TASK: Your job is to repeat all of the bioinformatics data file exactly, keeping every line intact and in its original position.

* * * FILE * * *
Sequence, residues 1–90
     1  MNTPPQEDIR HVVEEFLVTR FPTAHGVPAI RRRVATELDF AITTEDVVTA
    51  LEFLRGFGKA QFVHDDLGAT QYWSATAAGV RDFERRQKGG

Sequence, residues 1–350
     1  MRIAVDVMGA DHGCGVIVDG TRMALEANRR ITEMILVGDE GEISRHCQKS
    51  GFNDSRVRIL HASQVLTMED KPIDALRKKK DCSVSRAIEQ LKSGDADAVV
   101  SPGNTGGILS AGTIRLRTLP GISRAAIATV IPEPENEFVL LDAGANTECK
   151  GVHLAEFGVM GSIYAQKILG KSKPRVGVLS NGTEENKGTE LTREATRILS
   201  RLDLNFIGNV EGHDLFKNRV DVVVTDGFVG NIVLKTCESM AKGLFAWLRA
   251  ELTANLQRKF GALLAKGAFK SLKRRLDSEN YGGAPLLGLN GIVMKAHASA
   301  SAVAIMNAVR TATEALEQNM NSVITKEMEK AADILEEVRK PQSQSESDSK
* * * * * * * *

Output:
Sequence, residues 1–90
     1  MNTPPQEDIR HVVEEFLVTR FPTAHGVPAI RRRVATELDF AITTEDVVTA
    51  LEFLRGFGKA QFVHDDLGAT QYWSATAAGV RDFERRQKGG

Sequence, residues 1–350
     1  MRIAVDVMGA DHGCGVIVDG TRMALEANRR ITEMILVGDE GEISRHCQKS
    51  GFNDSRVRIL HASQVLTMED KPIDALRKKK DCSVSRAIEQ LKSGDADAVV
   101  SPGNTGGILS AGTIRLRTLP GISRAAIATV IPEPENEFVL LDAGANTECK
   151  GVHLAEFGVM GSIYAQKILG KSKPRVGVLS NGTEENKGTE LTREATRILS
   201  RLDLNFIGNV EGHDLFKNRV DVVVTDGFVG NIVLKTCESM AKGLFAWLRA
   251  ELTANLQRKF GALLAKGAFK SLKRRLDSEN YGGAPLLGLN GIVMKAHASA
   301  SAVAIMNAVR TATEALEQNM NSVITKEMEK AADILEEVRK PQSQSESDSK